BSCI105 Exam 1 Review
BSCI105 Exam 1 Review Bsci105
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This 8 page Study Guide was uploaded by Jordan Kotler on Sunday February 14, 2016. The Study Guide belongs to Bsci105 at University of Maryland taught by Dr. Alewall in Summer 2015. Since its upload, it has received 101 views. For similar materials see Intro to biological sciences in Biological Sciences at University of Maryland.
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Date Created: 02/14/16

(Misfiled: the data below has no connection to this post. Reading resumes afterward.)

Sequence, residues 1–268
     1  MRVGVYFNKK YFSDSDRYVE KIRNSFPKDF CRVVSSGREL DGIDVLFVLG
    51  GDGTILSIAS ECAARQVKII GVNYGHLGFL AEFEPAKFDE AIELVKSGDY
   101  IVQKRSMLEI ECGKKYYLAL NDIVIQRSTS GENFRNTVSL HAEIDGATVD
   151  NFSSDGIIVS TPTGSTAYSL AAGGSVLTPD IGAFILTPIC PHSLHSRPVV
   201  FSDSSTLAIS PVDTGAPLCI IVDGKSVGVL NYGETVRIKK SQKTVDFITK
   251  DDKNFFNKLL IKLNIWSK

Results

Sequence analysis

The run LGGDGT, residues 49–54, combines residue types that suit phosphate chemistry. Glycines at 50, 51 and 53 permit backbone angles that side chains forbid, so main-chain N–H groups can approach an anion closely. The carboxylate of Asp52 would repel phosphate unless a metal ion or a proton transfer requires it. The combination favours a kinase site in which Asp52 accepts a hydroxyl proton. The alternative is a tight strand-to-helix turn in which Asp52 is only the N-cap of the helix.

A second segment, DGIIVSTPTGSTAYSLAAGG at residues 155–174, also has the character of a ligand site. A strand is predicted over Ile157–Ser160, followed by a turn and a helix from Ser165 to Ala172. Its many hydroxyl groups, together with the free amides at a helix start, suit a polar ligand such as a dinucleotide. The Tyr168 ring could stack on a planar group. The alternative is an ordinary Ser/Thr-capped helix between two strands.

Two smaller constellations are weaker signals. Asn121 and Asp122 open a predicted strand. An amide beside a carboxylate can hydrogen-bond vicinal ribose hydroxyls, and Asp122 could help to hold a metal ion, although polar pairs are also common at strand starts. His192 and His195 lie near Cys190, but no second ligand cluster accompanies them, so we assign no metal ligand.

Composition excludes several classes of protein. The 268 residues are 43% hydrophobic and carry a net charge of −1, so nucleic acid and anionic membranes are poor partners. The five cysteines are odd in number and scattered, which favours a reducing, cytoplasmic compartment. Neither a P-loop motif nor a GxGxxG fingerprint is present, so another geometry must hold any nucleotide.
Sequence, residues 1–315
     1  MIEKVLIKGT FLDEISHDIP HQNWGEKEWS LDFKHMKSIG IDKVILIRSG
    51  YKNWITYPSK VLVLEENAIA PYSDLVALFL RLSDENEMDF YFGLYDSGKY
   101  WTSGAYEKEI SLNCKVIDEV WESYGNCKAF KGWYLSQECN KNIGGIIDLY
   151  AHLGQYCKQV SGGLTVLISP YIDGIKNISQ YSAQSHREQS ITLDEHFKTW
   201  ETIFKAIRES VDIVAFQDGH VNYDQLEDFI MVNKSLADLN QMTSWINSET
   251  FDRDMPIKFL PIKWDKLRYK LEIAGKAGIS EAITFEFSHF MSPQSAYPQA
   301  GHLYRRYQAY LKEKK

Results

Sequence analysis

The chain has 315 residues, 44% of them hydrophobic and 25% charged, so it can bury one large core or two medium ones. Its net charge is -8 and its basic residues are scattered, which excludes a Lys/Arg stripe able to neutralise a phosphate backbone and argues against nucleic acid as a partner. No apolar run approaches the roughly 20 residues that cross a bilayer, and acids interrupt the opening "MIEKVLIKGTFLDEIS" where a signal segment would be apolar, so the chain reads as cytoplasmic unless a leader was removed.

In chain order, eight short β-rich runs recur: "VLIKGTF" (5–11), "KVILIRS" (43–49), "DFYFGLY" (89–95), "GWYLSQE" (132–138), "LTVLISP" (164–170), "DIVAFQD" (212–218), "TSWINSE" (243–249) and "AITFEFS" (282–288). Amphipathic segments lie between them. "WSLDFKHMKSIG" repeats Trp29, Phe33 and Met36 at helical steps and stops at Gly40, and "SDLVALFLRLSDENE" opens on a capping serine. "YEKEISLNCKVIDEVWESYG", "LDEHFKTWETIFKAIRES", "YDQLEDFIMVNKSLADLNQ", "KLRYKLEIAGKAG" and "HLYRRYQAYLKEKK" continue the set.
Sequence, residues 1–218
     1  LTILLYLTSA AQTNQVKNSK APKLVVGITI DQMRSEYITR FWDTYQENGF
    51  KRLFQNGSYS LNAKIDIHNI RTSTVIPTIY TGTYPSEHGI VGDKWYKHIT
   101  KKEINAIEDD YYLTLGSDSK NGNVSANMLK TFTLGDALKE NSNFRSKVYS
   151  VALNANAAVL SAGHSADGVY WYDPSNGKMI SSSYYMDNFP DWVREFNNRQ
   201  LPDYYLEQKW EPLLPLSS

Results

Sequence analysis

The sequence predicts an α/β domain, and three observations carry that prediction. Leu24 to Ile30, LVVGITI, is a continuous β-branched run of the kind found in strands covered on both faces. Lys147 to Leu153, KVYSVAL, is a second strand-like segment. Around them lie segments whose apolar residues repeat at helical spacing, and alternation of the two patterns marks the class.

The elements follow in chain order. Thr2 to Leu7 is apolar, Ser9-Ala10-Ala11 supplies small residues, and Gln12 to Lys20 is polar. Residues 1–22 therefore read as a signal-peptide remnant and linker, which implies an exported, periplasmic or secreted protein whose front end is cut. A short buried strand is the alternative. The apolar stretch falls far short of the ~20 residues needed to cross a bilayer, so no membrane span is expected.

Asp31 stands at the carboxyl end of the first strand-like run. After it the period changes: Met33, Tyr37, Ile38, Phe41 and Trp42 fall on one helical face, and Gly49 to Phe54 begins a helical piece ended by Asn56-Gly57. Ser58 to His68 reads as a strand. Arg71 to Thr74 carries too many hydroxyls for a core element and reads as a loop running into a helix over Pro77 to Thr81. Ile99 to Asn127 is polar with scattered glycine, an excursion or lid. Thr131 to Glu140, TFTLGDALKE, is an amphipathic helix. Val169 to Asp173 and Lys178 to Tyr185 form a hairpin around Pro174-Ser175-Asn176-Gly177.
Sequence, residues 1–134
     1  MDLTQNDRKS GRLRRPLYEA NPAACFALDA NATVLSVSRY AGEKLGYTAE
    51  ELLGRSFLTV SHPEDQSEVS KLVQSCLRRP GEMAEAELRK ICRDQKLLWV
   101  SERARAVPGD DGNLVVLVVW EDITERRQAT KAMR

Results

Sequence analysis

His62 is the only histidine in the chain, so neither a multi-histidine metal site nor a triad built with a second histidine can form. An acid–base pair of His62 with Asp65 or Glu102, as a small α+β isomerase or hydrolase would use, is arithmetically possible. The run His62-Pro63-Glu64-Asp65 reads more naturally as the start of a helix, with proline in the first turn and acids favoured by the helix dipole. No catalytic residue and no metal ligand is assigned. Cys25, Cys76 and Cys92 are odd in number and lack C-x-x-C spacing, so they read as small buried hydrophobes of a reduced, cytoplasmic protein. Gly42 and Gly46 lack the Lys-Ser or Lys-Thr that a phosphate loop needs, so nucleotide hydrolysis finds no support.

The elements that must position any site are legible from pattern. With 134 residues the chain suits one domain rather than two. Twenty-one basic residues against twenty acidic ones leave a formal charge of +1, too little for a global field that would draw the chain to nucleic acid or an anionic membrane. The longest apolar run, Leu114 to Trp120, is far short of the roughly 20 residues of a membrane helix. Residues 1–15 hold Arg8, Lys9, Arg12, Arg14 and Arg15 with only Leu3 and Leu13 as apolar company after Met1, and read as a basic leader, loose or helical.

BSCI105 Exam 1 Review **This study guide does not guarantee any grades, but outlines all of chapters 16 as presented through class lectures** Ch. 1: Evolution, Biology, and Scientific Inquiry ● Evolution the process of change over time ● Levels of organization: molecule → organelle → cell → tissue → organ/organ systems → organisms → populations → communities → ecosystems → biosphere ● Emergent properties due to arrangement and interactions between parts as complexity increases ● Systems biology exploring system by viewing interactions between parts ● Structure determines function!!!! ex. hummingbird wings, flat leaf vs bulky one ● Eukaryotes: membranebound organelles, complex DNA, more complex cells ● Prokaryotes: no membranes, no true nucleus, DNA is circular loop ○ Bacteria and archaea ● Chromosomes hold DNA and RNA in chromosomes (more about this in later chapters) ● Producers make food from light, consumers eat it ● Energy flows 1 way through; nutrients are cycled and recycled ● Natural selection (understand the concepts) Ch. 2: The Chemical Context of Life ● Matter anything that takes up space and has mass ● Element a substance that cannot be broken down anymore ○ 92 elements; 25% are essential ○ O, C, H, N make up 96% of living matter ● Compound a substance consisting of 2+ elements in a fixed ratio ● Trace elements required by an organism in only minute quantities ● Atom the smallest unit of matter that has properties of the element ○ Protons (+), neutrons (0), electrons () ○ Protons and neutrons are in nucleus; electrons form cloud around it in shells ■ P/N weigh 1.7x 10^24 gram = 1 dalton, electrons = 1/2000 of a dalton ● atomic mass = # of protons (also the # of electrons (11 for each) ● mass number = sum of protons + neutrons = 23 ● mass # atomic # = number of neutrons = 2311 = 12 ● Isotopes atom of a given element with a different number of neutrons = weighs more or less than the regular atom ○ Radioactive isotope less stable with a different number of neutrons so it radioactively decays ■ Halflife: time it takes to be ½ amount it started as ■ Energy ability to do work ● Potential energy energy the matter possesses due to its location ○ Electrons have PE due to distance from nucleus ● Electron shells: PE flows from least (closest to nucleus) to most (valence shells) ○ Complete valence shell = stable and unreactive = inert ● Electronegativity increases as you move up (valence shell is closer to nucleus) and left to right (as # protons increases → positive charge) ● More electronegative = more the atom pulls shared electrons toward itself ● Orbital 3D space where an electron is 90% of the time ○ First shell: 1s orbital ○ 2nd shell: 2s, three 2p orbitals ○ Each orbital holds 2 electrons ● First shell (closest to nucleus) holds 2 electrons ● Second shell holds up to 8 electrons (4 orbitals) ● Chemical bonds attractions between atoms ● Covalent strong; sharing of valence electrons ● Ionic strong; 2 oppositelycharged atoms → the more charged atom takes electron(s) from lesscharged atom ○ Positive charge = cation ○ Negative charge = anion ○ Make ionic compounds aka SALTS ■ ex. Na+Cl ● Molecule 2+ atoms held together by a bond ● Weak bonds ○ Hydrogen: between H and an electronegative atom; sharing of electrons ○ van der Waals interactions: everchanging regions of +/ charge that help atoms to stick together ● Molecular shape determines function (form = function) ● Chemical reactions: making and breaking of chemical bonds ○ Reactant + reactant → products ■ ex. 2H2 + O2 → 2H2O ■ Reactions are reversible!! ○ Chemical equilibrium forwards and reverse rxn occur at the same rate; no effect on net concentrations of reactants/products Ch. 3: Water and Life ● Polar: partial charge ● Polar covalent bond: valence electrons are shared due to uneven bond ● Properties of water ○ Cohesion bonding to other water molecules due to hydrogen bonding ○ Adhesion bonding to other molecules via hydrogen bonds b/w cell walls ○ Surface tension difficult to breaking surface ○ High specific heat hard to change the temperature of water ○ High heat of vaporization high heat required for vaporization ○ Universal solvent due to versatile feature due to polarity of water ● Solution homogenous mix of 2+ substances ● Solvent the dissolving agent ● Solute the dissolved substance ● Hydration shell H2O molecules that surround solute ions ○ When NaCl is added to water, it splits into Na & Cl surrounded by water mol. ● Acids: release protons (+), accept H+ ions, pH < 7 ● Bases: absorb protons (+), reduce hydrogen ion concentration, pH between 7 and 14 ● Hydrophobic repels water due to nonionic, nonpolar bonds; cannot form hydrogen bonds (ex. oil) ● Hydrophilic attracts water (ex. cotton → water adheres to cellulose fibers of cotton) ● Buffers minimizes change by accepting or donating H+ if it is in excess or too little of it Ch. 4 Carbon and the Diversity of Life ● Carbon has 4 valence electrons and can form 4 covalent bonds ● Usually bonds with H, N, or O ● Ex. Methane: 1 carbon, 4 single bonds with 4 hydrogens ● 4 structures of carbon skeletons: ○ Length: could be a chain of 2 carbons or 4 or 8 etc ○ Branching: carbons could be in a straight chain, a “T” shape, etc. ○ Double bond position: could be C = C C or C C = C ○ Rings: could form a ring of carbons (double or single bonds) ● Isomers compounds with the same number of atoms of same elements but different structures and properties ○ Structural: differ in covalent arrangements ○ Cistrans: differ in spatial arrangements due to flexible bonds ○ Enantiomers: isomers that are mirror images, differ in shape due to asymmetrical carbon ● Functional groups: chemical groups involved in rxns ○ Hydroxyl ○ Carbonyl ○ Carboxyl ○ Amino ○ Sulfhydryl ○ Phosphate ○ Methyl Group Info Example Hydroxyl (OH) Polar, forms hydrogen bonds Ethanol with water Carbonyl ( C=O) Ketone (carbonyl within Ketone (acetone)/aldehyde skeleton) or aldehyde (propanol) (outside) (O=C in center makes it a ketone) Carboxyl (COOH) Acts as acid and donates H+ Acetic acid bc of polar bond b/w O & H (the C = O and COH) Amino (NH2) Acts as base, accepts H+ Sulfhydryl (SH/HS) Thiol, 2 SH groups can react and form a crosslink Phosphate (OPO3, charge) Charge = 1 inside phosphate chain, 2 on end of chain Methyl (CH3) Affects gene expression when bound to DNA, affects shape/function of sex hormones Ch. 5: Macromolecules ● Definition: big molecules; include lipids, carbohydrates, proteins, and nucleic acids Carbohydrates Lipids mix poorly if at all w/H2O Sugar like mono & polysaccharides Made of glycerol (alcohol with 3 carbons) + Monomers connected by g lycosidic linkage fatty acid (carboxyl group + carbon chain) connected through dehydration rxn (H20 Joined by ester linkages removed) /separated by hydrolysis (H2O Saturated fats: solid at room temperature, added) straight single bonds, pack together tightly Monomer is monosaccharide; polymer is Unsaturated fats: liquid at room temperature, polysaccharide double bonds allow kinks = movement Make carbonyl and hydroxyl groups Phospholipids: hydrophilic (phosphate) Size of carbon skeleton differs head/hydrophobic tail (2 fatty acids) Spatial arrangement around asymmetric carbons differ Energy carbs: glycogen Structural carbs: cellulose, chitin Proteins Nucleic Acids Monomer: amino acids Monomer: deoxyribose or ribose AA → polypeptide → protein (folded polypep) Polymer: polynucleotides Primary structure: sequence of AA in Nucleic acids linked byhosphodiester polypeptide; peptide bonds linkage phosphate links to nitrogen base Secondary : Regular, repeated coiling/folding Made of nitrogen base + pentose + of polypep chain; alpha/beta helices; phosphate group hydrogen bonds b/w carbonyl + amino groups DNA: makes RNA: makes proteins Tertiary: 3D, irregular folding; noncovalent Purine: 6ring carbon/nitrogen fused with bonds between R groups 5ring; larger, adenine/guanine Structure determines function Pyrimidine: Smaller, 6ring carbon of C/N, Flexible, small, in constant motion cytosine/thymine/uracil Folding: chaperonin (promote correct folding), 5’/3’ end cause antiparallel arrangement; 3’ prion (misfolded protein, can cause other had hydroxyl group and 3carbon; 5’ has misfolded protein) phosphate and 5carbon Ch. 6: A Tour of the Cell ● Ways to observe cells ○ Light microscope: can’t always see cells ○ Electron microscope: can see some specimens ○ Scanning EM: study of the entire cell surface ○ Transmission EM: studies internal structure of cells ○ Cell fractionation: takes cells apart to identify individual organelle function Prokaryotes Both Eukaryotes Ex: bacteria and archaea Cytosol DNA in nucleus; is a double DNA in nucleoid, which has no Chromosomes helix membrane Ribosomes Nucleus and organelles are Cytoplasm holds organelles Plasma membrane membranebound Organelles are not membrane Tend to be bigger than bound prokaryotic cells; multicellular DNA is circular, only 1 (plasmid) Animals, plants ● Size influences function ● As size increases, volume and surface area also increase ● Volume grows faster than surface area ● Larger organisms have more cells, NOT bigger cells Organelle Where? Function Nucleus Eukaryotes Holds genes Nuclear envelope Eukaryotes Separates contents of nucleus from rest of cell DNA Pro/euk Made of chromosomes, carry genetic information Nucleolus Eukaryotes Where DNA makes RNA Ribosomes Both Made of RNA + protein, bound to ER or free in cytosol Endomembrane system Eukaryotes Synthesis/transport of proteins, movement of lipids, detoxification of poisons Endoplasmic reticulum Eukaryotes Smooth : no ribosomes, make lipids like sex hormones, metabolize carbs, detoxify alcohol, store ● Rough has calcium ions ribosomes, smooth Rough: wraps secretory proteins in transport vesicles does not (often glycoproteins), makes membranes and phospholipids Golgi apparatus Eukaryotes Shipping and receiving center: made of stacks of cisternae (flattened membranous stacks) Cis side: near ER, receiving side Trans side: sending side, forms vesicles from it Lysosomes Eukaryotes Membranous sac of hydrolytic enxymes, need acidic environment, function is intercellular digestion (phagocytosis), renews itself Vacuoles Eukaryotes Membranebound vesicles Food vac: lysosomes in it digest food Contractile: pumps excess water out of cel Central: plant cells, holds excess compounds Mitochondria Animal cells Where cellular respiration occurs; has 2 membranes that are both phospholipid bilyars and has some DNA; ATP made here Inner layer is folded and called cristae Chloroplasts Plant cells 2 membranes, has stacks of thylakoids (full of stoma fluid with DNA and ribosomes) called granum Where photosynthesis occurs Peroxisomes Eukaryotes Transfer H to O and create H2O2; break down fatty acids, detoxify alochol and other poisons Cytoskeleton: Both Support, motility, regulation Microtubules (part of CS) Pro and eu Made of tubulin dimers; shape and support Grow from centrosomes, make flagella and cilia Microfilaments (part of CS) Pro and eu Made of actin fibers, bear tension to support shape, myosin proteins for motility Intermediate filaments (CS) Pro and eu Shape and position of cells, hold nucleus in place ex. keratin Cell wall Plant cells Protection, shape, regulates water uptake Extracellular matrix Animal cells Made of glycoproteins, like collagen, fibronectin, or integrins Middle lamella Animal cells Layer of sticky polysaccharides between animal cells Plasmodesmata Plant cells Channels between cell walls Intercellular junctions Plant and Animal: tight junction, desmosome, gap junction animal